8 Ways to Minimize No Shows in UX Research

Jeff Sauro, PhD

While UX research may be a priority for you, it probably isn’t for your participants. And participants are a pretty important ingredient in usability testing.

If people were predictable, reliable, and always did what they said, few of us would make a living in improving the user experience!

Unfortunately, people don’t always show up when they say they will for your usability test, in-depth interview, or other research study. They get busy, forget, or have other things they need to do other than participate in your study.

For in person and remote studies, always plan for a specific percentage of participants not showing up. The “typical” no-show rate we see for moderated (in person or remote) studies is between 10% and 20%. But we’ve seen as many as half the people not showing.

We’ve been conducting studies every week at MeasuringU for years and have implemented several steps to get no-show rates down to 0. Here are eight of them.

1. Establish both phone and email contact.

Don’t just email participants for scheduling; speak to them on the phone and let them know there are people waiting for them. A simple conversation lets participants know you’re real and counting on them.

2. Communicate it’s a dedicated slot.

Despite the popularity of usability testing and other one-on-one research, most people will have never participated in anything like it. The closest thing people are likely to be familiar with is a focus group, where they participate with other people. There may be a perception that the “show will go on without me” if people decide not to attend. Let participants know it’s a one-on-one study reserved just for them; remind them to let you know if they can’t attend or need to reschedule.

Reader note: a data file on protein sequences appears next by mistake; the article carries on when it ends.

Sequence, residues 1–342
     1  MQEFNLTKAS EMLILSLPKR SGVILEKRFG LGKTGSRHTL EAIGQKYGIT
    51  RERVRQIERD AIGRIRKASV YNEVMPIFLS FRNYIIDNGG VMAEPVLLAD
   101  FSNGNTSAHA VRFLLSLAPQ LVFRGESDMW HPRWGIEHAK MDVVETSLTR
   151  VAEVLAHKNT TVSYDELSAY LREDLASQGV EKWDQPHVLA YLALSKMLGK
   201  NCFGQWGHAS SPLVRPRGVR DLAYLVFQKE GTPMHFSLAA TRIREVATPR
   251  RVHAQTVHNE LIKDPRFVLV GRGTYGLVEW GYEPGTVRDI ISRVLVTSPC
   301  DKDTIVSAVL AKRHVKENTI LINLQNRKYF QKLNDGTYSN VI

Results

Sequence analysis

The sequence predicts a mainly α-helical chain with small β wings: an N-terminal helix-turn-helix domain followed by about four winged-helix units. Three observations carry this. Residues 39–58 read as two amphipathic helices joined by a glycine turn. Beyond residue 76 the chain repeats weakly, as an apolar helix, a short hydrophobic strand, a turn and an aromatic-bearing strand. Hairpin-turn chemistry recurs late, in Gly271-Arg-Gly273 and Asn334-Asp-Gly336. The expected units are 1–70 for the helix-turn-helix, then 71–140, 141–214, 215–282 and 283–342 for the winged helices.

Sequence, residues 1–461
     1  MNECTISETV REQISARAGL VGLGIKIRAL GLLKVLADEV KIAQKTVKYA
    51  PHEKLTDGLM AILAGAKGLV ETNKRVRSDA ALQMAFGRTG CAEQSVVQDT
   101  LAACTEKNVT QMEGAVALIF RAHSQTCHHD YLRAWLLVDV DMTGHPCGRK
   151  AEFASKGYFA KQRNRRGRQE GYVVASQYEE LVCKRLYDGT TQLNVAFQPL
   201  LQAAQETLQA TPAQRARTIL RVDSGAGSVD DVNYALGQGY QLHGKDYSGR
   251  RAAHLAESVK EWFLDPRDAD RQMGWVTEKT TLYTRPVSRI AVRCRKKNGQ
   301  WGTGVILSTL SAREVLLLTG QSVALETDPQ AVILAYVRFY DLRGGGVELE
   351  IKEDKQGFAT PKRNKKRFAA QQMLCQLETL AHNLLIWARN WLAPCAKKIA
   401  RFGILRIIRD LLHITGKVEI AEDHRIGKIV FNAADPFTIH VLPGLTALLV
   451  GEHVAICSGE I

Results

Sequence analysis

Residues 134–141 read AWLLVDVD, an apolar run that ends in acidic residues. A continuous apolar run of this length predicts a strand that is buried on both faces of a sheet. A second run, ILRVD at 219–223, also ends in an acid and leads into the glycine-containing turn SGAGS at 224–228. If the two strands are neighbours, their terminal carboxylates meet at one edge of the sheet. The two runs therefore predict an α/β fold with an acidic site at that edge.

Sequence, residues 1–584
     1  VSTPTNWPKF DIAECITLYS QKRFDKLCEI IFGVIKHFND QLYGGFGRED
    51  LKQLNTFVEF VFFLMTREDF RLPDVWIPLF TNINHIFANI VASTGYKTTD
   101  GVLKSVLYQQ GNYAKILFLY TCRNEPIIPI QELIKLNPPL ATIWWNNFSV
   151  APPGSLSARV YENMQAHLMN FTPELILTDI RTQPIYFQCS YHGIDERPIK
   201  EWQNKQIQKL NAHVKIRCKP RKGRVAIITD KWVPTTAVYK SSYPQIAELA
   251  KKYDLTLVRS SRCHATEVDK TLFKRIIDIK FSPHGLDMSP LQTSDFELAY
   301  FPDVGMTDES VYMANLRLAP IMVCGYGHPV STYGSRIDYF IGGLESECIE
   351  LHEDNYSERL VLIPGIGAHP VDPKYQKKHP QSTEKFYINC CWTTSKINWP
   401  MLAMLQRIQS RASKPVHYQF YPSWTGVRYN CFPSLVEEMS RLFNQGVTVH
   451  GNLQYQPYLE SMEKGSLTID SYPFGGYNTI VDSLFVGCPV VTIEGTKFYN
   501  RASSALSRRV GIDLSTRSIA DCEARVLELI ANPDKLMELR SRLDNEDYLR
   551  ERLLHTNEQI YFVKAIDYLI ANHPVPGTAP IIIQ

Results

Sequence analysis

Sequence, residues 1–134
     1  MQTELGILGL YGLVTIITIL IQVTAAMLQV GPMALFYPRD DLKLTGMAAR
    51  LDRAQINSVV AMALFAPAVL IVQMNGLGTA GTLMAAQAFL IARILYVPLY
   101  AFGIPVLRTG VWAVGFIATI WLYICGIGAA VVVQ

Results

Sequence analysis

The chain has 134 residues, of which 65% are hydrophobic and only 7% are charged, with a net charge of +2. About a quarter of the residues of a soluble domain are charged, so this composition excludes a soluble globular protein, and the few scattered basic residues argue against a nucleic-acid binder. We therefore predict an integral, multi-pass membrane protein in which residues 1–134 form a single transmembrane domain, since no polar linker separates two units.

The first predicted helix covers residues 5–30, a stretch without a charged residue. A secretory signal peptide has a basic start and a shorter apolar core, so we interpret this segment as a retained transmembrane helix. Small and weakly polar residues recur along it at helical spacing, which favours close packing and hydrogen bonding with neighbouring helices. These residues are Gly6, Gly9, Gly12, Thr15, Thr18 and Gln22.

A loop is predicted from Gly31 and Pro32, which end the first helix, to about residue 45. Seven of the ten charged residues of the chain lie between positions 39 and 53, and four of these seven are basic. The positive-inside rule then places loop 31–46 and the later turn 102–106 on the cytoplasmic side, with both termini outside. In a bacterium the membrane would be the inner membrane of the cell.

3. Make reminder calls.

One day prior to the study, follow up with a call to speak with the participant (or leave a message). If you’re unable to get ahold of them, ask them to send an email, return the call, or text to confirm their appointment.

4. Include clear directions.

It may seem obvious, but if people can’t find your facility or where to park, they may just give up and go home. Or if they do make it, trouble finding parking or your entrance could delay them significantly and probably put them in a bad mood for a study!

5. Ensure they know what to expect.

In your email and phone communications with participants, let them know what will be expected of them (e.g., asked to work on accounting software), their time commitment (e.g., 1 hour), and honorarium and how it will be paid (e.g., $100 cash or Visa gift card).

6. Exploit the consistency bias.

In our screeners, we ask participants to rate themselves on a number of items that tap into the ideas of personal reliability and accountability. For example, participants are asked to agree or disagree to statements such as “People can count on me to be on time.” and “I follow through on the commitments that I make.”

We don’t expect people to rate themselves low; that’s not the point. We’re taking advantage of the consistency principle here. People are more likely to follow through on future actions to be consistent with prior commitments. Rating yourself as reliable and someone who goes to appointments would be inconsistent with someone who doesn’t call or doesn’t show up. This doesn’t entirely eliminate no shows but we suspect it helps (a future analysis can further investigate its efficacy).

7. Over-recruit.

Even with our best efforts, things happen, and people cancel (often no call, no show); even people sourced from professional recruiting firms or our clients. We’ve found the best thing to do is anticipate a 10% to 20% no-show rate and over-recruit. If you need 20 participants, plan, budget, and recruit 22 to 24. If everyone makes it, you have a few extra data-points.

8. Over-schedule.

Over-recruiting is often not enough to ensure your study stays on schedule. You may have a couple extra participants ready to participate, but a no call, no show means you need to scramble quickly to make up the lost person and time. Having people “float” and always available can be both costly and difficult. Instead, when we need to stick to a tight schedule and ensure a minimum number of participants, we schedule extra participants ahead of time.

This gives us more options. If all the participants show up as planned, you can use the extra participants or cancel them and pay the participants anyway for blocking their time. Of course, if too many participants cancel, budget for a bottle of wine for your recruiter and facilitators!


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